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October 17, 2011 Flag

When I lived in OK, I lived in the country as it was less expensive. However, there were fields and woods in my neighborhood. Fields and woods means lots of wild animals; including deer and mice. I constantly had fleas and ticks and they were a nasty problem, for a while.

A dog lying on a green couch.

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6 found this helpful
July 5, 2013 Flag

Before bed, sprinkle salt along all baseboards and along floors around furniture. You can also do this before you leave the house for the day. Simply vacuum up after you have allowed it to sit over night or during a work day.

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2 found this helpful
October 7, 2011 Flag

The best and most economical flea prevention tip is the use of Food Grade DE (diatomaceous earth) powder. You can purchase it very cheaply, place in a shaker can, and sprinkle around your home.

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January 13, 2014 Flag

Our old cat sadly passed away. Every time the vacuum cleaner was switched on, he would appear. Yes, no cleaning would be done until he was done first He would turn over to vacuum each side with the pipe. He had no fleas.

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April 10, 2014 Flag

This is a guide about using diatomaceous earth for fleas. Food grade diatomaceous earth is an flea killer that is non toxic to humans and animals.

A dog sitting on the grass scratching at fleas.

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April 6, 2005 Flag

I use a fine tooth flea comb on my cats daily and never have any flea problems!

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Questions

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August 17, 2012 Flag

I recently started to get bit. I didn't know if it was fleas or bed bugs because it was only in one room of the house until they started to spread. I have no pets so I have no idea where they are coming from. I need help. I have a two month old, so I don't want to use chemicals, but willing to try anything because I just killed two fleas in her baby crib. :[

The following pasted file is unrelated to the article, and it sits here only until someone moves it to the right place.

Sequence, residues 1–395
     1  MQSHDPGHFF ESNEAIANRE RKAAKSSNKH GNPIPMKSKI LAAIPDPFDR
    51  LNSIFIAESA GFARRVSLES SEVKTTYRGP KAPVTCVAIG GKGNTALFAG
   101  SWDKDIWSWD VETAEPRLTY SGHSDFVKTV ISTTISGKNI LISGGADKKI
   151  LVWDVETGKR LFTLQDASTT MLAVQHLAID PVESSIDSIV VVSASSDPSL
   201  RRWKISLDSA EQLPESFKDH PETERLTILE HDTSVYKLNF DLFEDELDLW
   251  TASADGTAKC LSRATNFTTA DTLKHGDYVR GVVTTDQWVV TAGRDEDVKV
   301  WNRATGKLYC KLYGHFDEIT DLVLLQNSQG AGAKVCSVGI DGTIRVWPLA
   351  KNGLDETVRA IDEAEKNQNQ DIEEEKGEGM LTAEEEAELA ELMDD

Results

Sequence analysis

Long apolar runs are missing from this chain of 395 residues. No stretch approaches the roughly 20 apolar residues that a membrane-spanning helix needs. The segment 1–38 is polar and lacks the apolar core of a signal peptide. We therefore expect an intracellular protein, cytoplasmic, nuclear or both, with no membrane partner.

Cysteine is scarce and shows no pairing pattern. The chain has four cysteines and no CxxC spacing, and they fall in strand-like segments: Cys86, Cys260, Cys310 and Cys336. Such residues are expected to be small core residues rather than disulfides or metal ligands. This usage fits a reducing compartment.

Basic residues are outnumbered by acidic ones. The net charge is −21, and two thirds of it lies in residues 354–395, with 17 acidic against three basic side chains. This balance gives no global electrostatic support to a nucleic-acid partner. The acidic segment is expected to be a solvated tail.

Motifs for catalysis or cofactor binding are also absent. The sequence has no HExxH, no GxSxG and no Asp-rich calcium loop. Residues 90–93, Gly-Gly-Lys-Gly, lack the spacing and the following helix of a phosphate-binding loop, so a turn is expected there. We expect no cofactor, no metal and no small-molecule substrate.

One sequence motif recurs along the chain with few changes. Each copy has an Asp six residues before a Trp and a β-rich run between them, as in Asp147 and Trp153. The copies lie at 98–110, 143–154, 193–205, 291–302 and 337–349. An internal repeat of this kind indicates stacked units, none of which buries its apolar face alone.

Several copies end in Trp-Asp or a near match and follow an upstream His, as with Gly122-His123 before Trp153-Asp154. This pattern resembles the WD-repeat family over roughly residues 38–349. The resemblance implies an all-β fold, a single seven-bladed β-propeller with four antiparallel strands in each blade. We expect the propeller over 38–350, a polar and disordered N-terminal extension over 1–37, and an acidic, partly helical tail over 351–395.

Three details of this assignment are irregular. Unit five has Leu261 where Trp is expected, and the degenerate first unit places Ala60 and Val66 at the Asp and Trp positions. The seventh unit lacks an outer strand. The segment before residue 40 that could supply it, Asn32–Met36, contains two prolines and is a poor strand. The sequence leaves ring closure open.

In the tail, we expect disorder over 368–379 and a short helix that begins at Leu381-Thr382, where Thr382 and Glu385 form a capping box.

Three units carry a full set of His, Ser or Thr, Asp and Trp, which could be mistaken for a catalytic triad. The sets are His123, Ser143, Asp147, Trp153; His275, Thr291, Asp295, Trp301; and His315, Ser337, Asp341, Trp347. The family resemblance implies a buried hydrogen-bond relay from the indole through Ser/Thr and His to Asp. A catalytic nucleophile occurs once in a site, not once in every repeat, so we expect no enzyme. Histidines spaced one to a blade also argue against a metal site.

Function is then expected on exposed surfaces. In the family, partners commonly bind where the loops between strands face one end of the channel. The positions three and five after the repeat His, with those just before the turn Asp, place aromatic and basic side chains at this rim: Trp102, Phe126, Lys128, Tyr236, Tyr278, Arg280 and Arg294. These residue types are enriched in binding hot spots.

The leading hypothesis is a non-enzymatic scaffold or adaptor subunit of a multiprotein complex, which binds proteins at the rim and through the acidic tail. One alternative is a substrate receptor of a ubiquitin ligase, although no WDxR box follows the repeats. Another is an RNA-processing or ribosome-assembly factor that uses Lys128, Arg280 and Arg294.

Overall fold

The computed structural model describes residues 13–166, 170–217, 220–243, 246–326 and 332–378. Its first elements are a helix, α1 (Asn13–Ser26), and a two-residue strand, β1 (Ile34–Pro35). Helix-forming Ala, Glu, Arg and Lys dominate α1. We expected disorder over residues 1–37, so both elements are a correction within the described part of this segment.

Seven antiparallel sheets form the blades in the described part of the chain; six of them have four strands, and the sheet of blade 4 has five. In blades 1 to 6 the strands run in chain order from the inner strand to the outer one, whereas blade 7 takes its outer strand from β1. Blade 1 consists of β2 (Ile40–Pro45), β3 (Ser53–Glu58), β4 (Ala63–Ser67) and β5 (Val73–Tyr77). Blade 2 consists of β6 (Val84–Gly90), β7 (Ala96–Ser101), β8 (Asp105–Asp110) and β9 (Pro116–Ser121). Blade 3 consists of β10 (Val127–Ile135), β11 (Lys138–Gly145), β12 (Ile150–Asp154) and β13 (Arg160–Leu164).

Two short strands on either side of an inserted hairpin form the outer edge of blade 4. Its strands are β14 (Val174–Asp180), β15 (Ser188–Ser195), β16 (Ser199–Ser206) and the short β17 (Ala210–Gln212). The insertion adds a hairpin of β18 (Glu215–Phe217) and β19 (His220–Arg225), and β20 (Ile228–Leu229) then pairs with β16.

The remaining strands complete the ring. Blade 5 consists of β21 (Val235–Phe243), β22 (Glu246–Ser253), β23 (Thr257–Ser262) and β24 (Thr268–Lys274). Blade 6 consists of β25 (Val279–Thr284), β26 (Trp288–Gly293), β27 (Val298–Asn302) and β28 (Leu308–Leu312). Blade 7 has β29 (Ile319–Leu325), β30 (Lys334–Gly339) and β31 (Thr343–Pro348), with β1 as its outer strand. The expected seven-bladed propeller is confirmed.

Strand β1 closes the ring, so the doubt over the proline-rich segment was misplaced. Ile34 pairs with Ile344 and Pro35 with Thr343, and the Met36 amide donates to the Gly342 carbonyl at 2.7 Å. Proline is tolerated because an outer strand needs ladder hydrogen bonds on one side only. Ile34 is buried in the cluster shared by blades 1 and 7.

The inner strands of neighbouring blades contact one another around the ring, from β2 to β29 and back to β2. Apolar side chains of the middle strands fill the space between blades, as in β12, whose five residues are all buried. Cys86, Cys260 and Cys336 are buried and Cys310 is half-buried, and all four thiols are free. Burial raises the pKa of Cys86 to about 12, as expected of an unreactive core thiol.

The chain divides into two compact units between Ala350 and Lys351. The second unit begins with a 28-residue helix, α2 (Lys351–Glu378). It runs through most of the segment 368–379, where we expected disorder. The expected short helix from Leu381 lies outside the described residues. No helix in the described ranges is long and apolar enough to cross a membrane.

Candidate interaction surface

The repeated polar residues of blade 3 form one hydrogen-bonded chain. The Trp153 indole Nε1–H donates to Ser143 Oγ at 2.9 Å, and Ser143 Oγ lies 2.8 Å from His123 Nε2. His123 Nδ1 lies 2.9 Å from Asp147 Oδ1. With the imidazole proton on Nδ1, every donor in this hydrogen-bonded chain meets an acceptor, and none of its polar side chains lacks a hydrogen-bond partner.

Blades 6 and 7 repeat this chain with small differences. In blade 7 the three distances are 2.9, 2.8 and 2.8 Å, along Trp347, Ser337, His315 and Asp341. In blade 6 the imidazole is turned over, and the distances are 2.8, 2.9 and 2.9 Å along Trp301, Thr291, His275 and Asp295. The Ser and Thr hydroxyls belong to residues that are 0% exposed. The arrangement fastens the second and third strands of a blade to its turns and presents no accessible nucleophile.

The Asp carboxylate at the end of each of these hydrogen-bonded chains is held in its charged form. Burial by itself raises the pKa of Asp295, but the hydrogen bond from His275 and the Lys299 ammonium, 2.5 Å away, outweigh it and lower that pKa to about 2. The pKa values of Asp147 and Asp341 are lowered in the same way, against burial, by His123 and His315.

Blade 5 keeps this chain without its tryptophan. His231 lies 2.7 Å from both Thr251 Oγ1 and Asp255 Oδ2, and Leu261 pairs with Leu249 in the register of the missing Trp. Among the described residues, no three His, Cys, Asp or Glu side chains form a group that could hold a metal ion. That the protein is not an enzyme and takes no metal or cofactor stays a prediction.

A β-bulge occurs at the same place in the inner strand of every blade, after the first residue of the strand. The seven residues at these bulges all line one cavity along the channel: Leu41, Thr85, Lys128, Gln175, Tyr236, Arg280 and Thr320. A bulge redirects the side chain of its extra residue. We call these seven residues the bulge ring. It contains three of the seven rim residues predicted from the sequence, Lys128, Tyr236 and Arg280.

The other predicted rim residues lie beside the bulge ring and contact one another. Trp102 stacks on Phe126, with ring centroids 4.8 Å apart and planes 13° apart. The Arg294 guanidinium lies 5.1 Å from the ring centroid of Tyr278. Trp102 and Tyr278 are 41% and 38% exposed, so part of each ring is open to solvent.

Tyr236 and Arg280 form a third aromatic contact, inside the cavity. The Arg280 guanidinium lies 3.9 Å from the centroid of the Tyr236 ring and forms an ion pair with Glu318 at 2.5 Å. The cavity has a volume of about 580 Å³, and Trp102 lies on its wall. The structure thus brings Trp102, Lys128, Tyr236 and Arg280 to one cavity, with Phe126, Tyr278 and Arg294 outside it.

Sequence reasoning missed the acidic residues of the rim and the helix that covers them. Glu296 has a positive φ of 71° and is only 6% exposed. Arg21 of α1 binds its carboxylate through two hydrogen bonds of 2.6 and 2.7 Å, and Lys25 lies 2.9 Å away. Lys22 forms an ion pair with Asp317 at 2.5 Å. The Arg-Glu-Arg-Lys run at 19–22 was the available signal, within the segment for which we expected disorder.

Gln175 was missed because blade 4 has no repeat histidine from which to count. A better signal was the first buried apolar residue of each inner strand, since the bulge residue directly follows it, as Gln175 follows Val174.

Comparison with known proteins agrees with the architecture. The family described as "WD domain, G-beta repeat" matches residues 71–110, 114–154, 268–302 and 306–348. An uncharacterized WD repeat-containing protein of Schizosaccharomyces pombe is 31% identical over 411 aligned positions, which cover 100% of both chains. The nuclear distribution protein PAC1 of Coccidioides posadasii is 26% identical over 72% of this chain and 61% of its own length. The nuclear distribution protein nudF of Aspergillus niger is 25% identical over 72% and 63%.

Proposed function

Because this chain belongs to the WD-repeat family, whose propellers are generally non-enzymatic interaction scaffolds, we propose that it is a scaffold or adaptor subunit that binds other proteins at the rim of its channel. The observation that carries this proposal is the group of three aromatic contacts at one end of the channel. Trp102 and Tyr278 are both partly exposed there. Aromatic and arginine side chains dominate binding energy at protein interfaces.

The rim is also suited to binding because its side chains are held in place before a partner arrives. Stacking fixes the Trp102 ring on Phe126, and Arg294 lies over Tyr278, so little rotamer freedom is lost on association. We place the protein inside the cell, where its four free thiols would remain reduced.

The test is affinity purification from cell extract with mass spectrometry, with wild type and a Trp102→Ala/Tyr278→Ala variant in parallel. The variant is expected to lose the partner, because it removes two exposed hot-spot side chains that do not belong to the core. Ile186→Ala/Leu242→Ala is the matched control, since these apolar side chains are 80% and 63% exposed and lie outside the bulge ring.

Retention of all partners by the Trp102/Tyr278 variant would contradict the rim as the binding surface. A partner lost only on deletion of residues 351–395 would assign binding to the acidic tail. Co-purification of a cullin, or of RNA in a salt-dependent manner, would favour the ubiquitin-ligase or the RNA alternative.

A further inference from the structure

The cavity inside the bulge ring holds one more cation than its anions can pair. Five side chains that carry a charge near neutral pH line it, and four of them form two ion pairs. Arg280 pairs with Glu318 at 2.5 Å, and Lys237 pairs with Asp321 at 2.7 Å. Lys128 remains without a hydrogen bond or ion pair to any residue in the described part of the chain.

By Fatima

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August 20, 20120 found this helpful
Best Answer

I'd sprinkle salt, but leave it on for longer than a day before vacuuming it up. I also put about an inch of oil into a jar, walk around the room first thing in the morning (the fleas are hungry), pick them off of me, and put them in the jar where they drown in the oil. Do this several times during the day. You'll be surprised at how many you find. After a few weeks, they'll be gone. Unfortunately, you don't need pets to get fleas; they will often come in on you.

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December 13, 2016 Flag

My German Shepherd dog just had puppies and she has fleas. I would like to know what can I give her so she won't be passing them to the puppies?

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December 16, 20161 found this helpful

Front line advantage drops seem to work but if your worried about babies being to young for that type of treatment you can try vinegar mixed with water in a spray bottle.